EGU23-7238, updated on 25 Feb 2023
EGU General Assembly 2023
© Author(s) 2023. This work is distributed under
the Creative Commons Attribution 4.0 License.

Improving efficiency of citizen science projects by targeted activation of selected stakeholder groups

Christine Liang1, Claudia Schütze1,2, Uta Ködel1,2, Thora Herrmann3,5,6, Felix Schmidt1, Fabian Schütze1, Sophia Schütze1, and Peter Dietrich1,4
Christine Liang et al.
  • 1Department of Monitoring and Exploration Technologies, Helmholtz Centre for Environmental Research GmbH - UFZ, Leipzig, Germany (
  • 2eLTER Head Office, Helmholtz Centre for Environmental Research GmbH - UFZ, Leipzig, Germany
  • 3History, Culture, and Communication Studies Research Unit, Faculty of Humanities, University of Oulu, Linnanmaa, P.O.Box 1000, FI-90014 Oulu, Finland
  • 4Center for Applied Geoscience, University of Tübingen, Tübingen, Germany
  • 5Helmholtz Centre for Environmental Research - UFZ, Department of Ecosystem Services, Permoserstr. 15, 04318 Leipzig, Germany
  • 6German Centre for Integrative Biodiversity Research (iDiv) Halle-Jena-Leipzig, Puschstr. 4, 04103 Leipzig, Germany

As citizen science is becoming a widely accepted research approach across multiple disciplines, it is essential to explore methods for effective recruitment, involvement, and retention of participants for these programs. An effective recruitment strategy results in motivated and engaged contributors, longer-term participation, and better communication exchange.

In this research, we present two marketing approaches adapted from best practice in customer-facing fields in order to identify appropriate stakeholder groups for citizen science and keep motivation and retention of the participants high. Firstly, stakeholder analysis is a major tool within the frame of stakeholder management and includes the systematic identification of stakeholders and their relevance and influence on a project. Thus, efficiency of citizen science projects can be improved significantly by targeted identification and selection of participants and groups through stakeholder analysis, which are suited to generate the data needed to reach the project and research goals. Secondly, the value proposition canvas approach is based on business strategies to match products and services to the market or customer. The value proposition canvas can be adapted to scientific processes and the data generated can help citizen science groups to build a communication strategy that can clearly communicate the value of their message and shared goals to the participants.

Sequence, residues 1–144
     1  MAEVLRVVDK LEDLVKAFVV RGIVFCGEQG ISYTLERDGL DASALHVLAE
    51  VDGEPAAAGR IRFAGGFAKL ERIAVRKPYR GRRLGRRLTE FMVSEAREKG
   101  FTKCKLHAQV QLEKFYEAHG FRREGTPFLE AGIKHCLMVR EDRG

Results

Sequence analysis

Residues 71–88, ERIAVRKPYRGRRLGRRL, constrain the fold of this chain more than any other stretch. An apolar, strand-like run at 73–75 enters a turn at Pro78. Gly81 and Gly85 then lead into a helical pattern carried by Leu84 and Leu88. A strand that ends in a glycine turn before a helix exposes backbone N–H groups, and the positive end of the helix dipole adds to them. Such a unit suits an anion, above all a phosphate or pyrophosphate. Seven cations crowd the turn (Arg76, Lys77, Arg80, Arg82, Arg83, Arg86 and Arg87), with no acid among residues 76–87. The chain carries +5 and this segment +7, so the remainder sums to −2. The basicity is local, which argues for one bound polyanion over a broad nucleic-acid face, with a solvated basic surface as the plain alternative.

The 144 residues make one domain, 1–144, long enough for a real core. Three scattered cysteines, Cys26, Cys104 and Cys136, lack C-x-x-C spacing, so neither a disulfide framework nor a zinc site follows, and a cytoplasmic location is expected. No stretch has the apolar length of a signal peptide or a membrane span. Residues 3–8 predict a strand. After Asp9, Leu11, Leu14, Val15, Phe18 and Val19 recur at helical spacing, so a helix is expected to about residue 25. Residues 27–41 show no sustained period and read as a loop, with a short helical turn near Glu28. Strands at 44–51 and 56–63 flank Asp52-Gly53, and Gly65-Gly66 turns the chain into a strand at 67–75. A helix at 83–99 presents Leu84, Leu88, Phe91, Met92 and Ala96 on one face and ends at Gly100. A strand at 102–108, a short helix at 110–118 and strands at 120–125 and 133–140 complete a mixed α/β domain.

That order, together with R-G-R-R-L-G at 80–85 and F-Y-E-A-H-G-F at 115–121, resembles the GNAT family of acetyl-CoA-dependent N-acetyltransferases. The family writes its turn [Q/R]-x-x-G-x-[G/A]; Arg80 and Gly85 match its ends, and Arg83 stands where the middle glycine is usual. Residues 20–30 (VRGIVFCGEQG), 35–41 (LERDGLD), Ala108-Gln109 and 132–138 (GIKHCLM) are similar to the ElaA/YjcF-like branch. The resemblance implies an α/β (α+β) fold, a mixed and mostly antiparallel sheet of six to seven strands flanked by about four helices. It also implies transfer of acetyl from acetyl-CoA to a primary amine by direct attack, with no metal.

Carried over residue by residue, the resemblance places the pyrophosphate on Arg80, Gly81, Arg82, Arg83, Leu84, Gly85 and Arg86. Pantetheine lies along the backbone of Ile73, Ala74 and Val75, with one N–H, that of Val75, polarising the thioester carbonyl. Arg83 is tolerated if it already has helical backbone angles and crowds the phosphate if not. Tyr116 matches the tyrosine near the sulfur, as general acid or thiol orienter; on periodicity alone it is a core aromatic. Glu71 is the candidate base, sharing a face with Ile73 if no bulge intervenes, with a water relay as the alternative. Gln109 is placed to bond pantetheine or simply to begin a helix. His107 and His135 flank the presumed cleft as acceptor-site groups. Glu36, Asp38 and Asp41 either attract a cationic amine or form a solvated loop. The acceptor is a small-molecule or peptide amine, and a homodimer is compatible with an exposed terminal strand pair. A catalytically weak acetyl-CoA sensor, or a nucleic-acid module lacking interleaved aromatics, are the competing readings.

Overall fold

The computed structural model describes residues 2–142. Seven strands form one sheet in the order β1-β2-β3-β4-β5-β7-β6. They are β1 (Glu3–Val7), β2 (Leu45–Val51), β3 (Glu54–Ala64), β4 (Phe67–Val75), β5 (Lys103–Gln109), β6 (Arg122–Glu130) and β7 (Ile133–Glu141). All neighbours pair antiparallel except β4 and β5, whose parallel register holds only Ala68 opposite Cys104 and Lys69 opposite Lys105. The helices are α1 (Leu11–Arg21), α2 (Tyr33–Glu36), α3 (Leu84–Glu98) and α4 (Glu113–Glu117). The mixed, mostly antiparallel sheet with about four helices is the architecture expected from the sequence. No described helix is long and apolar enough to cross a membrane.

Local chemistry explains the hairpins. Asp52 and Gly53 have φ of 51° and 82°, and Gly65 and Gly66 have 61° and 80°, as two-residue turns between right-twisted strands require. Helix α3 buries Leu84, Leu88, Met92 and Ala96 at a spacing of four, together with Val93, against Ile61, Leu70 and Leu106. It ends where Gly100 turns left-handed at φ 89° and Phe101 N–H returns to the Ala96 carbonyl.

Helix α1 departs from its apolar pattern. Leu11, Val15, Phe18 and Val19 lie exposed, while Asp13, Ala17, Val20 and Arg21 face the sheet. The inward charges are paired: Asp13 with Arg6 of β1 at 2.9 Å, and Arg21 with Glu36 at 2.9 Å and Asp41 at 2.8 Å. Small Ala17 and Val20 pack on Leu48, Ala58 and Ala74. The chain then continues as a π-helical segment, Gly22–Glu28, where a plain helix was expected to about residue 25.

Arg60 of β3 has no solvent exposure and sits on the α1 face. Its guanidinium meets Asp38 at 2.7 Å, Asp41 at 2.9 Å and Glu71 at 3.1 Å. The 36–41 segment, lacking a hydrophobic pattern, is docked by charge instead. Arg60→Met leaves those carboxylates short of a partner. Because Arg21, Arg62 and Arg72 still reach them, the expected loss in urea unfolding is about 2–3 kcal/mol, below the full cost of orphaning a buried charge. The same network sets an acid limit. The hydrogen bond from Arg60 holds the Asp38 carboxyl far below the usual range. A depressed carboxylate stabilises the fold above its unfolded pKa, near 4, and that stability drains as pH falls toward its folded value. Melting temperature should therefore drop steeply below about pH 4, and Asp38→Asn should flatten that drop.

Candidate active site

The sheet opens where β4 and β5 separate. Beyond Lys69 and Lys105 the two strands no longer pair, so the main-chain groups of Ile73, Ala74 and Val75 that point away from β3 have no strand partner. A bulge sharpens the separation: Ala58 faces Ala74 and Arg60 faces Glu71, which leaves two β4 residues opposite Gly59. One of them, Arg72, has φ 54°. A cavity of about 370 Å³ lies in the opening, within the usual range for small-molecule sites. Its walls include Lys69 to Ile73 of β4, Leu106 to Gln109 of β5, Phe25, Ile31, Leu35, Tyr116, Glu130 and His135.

The application of stakeholder analysis and value proposition canvas is demonstrated using the case study of the project "Next Generation City Climate Services Using Advanced Weather Models and Emerging Data Sources" (CityCLIM, a European Union Horizon 2020 funded project), where the focus is to develop next-generation City Climate Services based on advanced weather forecast models enhanced with data from emerging data sources such as Citizen Science approaches for urban climate monitoring. Before meetings with citizens in pilot cities, stakeholder groups involved in the CityCLIM project were examined and their profiles were analysed using the value proposition canvas. Lessons learned from the use of these tools for engagement with citizens in pilot cities will be presented. Findings also provide an approach that can be used by citizen science groups in environmental observation to strategically target participants and tailor key communication messages, towards the goal of a focused and sustained monitoring of environmental processes.

How to cite: Liang, C., Schütze, C., Ködel, U., Herrmann, T., Schmidt, F., Schütze, F., Schütze, S., and Dietrich, P.: Improving efficiency of citizen science projects by targeted activation of selected stakeholder groups, EGU General Assembly 2023, Vienna, Austria, 24–28 Apr 2023, EGU23-7238,, 2023.

Supplementary materials

Supplementary material file